HomeCity NewsCity Reverts to Remote Meetings, for Now

City Reverts to Remote Meetings, for Now

First published in the Oct. 7 print issue of the Outlook Valley Sun.

In response to new legislation that allows municipal officials to continue to convene remotely, the La Cañada Flintridge City Council voted to have all local government meetings held in that manner for the next month.
Council and city staff members spoke at length during Tuesday’s in-person meeting about Assembly Bill 361, an amendment to the Brown Act — a 1953 law that guarantees the public’s right to attend and participate in California local government agencies’ sessions. Signed by Gov. Gavin Newsom last month, AB 361 gives cities flexibility in continuing teleconferencing meetings as long as they adhere to a new set of provisions.
The council grappled with the decision but ultimately adopted a resolution establishing that all of its meetings and those of city commissions be held virtually for the next 30 days. The vote was 4-1, with the unpredictability of the COVID-19 pandemic looming over the decision.
“Personally, I’m comfortable [with in-person meetings]. I don’t want to subject the staff if they’re not comfortable,” said Mayor Terry Walker. “Some of our commissioners have said they’re not comfortable. … I don’t want to be accused of lack of transparency. On the other hand, I don’t want to be accused of lack of sensitivity to the situation.”
To invoke AB 361, there must be a proclaimed state of emergency (the one declared by Newsom in March 2020 in response to the pandemic remains in effect). Local and state officials must have also imposed or recommended measures promoting social distancing or a legislative panel must have found that
in-person meetings would present imminent risks to the health and safety of attendees.
Cities that do not invoke the amendment adhere to the traditional Brown Act conditions, one of which is that if a local government official chooses to participate remotely, that person must post the agenda at his or her location and the public must have access to that location.
City Attorney Adrian Guerra said the statute doesn’t identify how to implement AB 361 and if it allows for meetings to be conducted in person and virtually. He added that the city could “go into the gray area” and hold hybrid meetings, but City Manager Mark Alexander advised against it because he anticipates bigger audiences at meetings in the near future.
“Where it becomes an issue is in staffing,” Alexander told the council. “We have some commission meetings that are coming up in the near future where, in one case, we’re expecting maybe 100 people to show up and we don’t have the staff to do the hybrid approach or enforce mask wearing and social distancing and maintaining the safety for the employees that would be here.”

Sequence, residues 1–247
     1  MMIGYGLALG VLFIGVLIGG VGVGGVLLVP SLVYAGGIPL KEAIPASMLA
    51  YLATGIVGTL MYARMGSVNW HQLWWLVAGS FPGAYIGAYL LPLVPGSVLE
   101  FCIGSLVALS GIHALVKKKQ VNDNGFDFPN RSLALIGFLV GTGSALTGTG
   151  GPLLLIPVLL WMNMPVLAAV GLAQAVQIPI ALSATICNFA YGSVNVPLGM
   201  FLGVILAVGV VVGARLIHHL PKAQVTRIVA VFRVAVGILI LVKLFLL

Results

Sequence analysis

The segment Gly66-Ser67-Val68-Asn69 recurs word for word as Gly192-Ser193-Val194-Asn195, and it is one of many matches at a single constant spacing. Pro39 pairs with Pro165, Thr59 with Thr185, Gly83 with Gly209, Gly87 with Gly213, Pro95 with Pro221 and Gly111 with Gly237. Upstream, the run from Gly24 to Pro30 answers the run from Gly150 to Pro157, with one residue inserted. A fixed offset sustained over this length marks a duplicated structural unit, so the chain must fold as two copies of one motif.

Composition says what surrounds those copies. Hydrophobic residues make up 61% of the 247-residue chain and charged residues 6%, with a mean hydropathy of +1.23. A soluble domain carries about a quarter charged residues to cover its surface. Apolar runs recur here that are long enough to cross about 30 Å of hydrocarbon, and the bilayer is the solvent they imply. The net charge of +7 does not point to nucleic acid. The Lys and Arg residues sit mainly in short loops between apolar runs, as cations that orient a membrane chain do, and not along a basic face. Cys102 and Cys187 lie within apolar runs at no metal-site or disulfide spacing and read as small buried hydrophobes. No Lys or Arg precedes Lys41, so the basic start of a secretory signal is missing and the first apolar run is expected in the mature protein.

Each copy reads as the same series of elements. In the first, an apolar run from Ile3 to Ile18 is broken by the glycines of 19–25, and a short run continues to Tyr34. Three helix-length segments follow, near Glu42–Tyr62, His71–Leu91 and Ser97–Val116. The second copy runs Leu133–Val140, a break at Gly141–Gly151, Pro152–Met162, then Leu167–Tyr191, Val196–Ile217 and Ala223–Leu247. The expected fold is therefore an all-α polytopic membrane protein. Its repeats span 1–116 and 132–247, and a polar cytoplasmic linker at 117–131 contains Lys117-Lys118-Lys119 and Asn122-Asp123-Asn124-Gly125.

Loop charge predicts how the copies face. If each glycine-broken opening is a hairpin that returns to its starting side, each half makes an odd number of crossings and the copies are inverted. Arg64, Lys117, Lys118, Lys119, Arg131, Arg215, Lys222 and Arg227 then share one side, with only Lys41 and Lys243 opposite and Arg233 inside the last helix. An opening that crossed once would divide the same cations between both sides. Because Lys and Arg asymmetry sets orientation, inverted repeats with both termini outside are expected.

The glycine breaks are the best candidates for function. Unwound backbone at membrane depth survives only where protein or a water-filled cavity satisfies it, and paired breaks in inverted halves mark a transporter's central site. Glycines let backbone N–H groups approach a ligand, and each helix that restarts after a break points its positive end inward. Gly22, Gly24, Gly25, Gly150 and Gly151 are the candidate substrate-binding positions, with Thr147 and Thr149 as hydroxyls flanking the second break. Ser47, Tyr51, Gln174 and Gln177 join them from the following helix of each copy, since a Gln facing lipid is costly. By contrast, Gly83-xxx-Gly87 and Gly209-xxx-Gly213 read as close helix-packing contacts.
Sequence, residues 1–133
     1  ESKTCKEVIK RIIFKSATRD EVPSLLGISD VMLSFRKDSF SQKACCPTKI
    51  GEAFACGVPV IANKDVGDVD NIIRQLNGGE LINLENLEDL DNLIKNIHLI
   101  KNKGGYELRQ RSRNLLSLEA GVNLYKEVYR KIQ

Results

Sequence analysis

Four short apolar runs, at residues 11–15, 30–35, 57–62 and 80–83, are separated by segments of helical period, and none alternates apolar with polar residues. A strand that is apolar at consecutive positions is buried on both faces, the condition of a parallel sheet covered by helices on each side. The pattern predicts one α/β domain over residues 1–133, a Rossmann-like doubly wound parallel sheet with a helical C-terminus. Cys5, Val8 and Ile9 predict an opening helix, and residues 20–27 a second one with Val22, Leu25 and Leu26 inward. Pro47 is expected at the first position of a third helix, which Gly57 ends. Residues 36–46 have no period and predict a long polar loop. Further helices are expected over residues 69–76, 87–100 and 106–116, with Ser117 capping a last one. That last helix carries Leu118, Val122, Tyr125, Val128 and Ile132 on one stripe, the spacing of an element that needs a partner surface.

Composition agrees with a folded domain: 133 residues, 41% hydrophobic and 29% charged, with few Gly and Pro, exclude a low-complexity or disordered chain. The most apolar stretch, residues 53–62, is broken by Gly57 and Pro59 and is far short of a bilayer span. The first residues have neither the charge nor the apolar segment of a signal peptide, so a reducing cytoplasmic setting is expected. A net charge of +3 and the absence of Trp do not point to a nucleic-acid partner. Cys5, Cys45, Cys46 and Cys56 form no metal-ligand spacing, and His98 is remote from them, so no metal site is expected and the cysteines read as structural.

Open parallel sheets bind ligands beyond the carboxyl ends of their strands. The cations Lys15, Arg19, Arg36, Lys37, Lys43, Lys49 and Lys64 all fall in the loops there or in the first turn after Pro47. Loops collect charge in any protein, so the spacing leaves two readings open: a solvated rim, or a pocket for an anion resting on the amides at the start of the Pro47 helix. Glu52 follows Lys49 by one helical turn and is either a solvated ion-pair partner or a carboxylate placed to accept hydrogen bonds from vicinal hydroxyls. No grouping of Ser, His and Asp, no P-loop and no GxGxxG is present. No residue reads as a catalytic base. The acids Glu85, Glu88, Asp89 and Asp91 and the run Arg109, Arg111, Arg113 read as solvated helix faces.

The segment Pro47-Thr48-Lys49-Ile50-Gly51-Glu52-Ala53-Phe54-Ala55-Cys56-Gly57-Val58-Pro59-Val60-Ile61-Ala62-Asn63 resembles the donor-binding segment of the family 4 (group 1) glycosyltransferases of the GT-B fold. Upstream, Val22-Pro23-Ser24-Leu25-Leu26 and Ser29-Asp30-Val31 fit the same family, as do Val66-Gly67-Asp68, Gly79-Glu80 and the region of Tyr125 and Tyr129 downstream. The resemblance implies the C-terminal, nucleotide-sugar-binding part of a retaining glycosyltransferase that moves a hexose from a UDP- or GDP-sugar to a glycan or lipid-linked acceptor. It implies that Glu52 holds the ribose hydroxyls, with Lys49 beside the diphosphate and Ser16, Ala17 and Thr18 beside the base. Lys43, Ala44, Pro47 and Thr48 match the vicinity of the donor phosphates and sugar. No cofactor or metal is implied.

When asked about the possibility of broadcasting meetings held outside City Hall chambers to accommodate a gathering that large, LCF Division Manager Arabo Parseghian, who currently handles virtual meetings on his own, replied that it would require at least two more employees to “do this correctly.”
Mayor Pro Tem Keith Eich, who voted against the resolution, expressed concern that the council might be accused of lack of transparency, “especially at a point when we have a lot of controversial topics coming up.” He added that some stakeholders were unable to participate in prior City Council and commission meetings due to Zoom and internet problems.
“If we can do hybrid effectively 100%, [I] fully support it,” said Eich. “I don’t think we can. I don’t think we’re ready, and it’s not that I don’t have faith in Arabo to be able to make it happen. We don’t have the staff and so I like the traditional way of doing it. People can make their own risk assessments of coming in person.”
All council members said they were comfortable meeting in person, but most felt it wasn’t right to make that choice for city employees.
“I’m not comfortable in subjecting everybody else that may not have a choice,” said Councilman Jonathan Curtis.
Councilman Rick Gunter also expressed concern for the possibility of coronavirus transmission among constituents.
“I personally would really hate to somehow have a situation where we had a large in-person meeting and, God forbid, the next day find out somebody was sick and now we’re part of a super-spreader event,” Gunter said.
The council can rescind the resolution at any point or just let it lapse after 30 days and revert to in-person meetings that adhere to the traditional Brown Act requirements.


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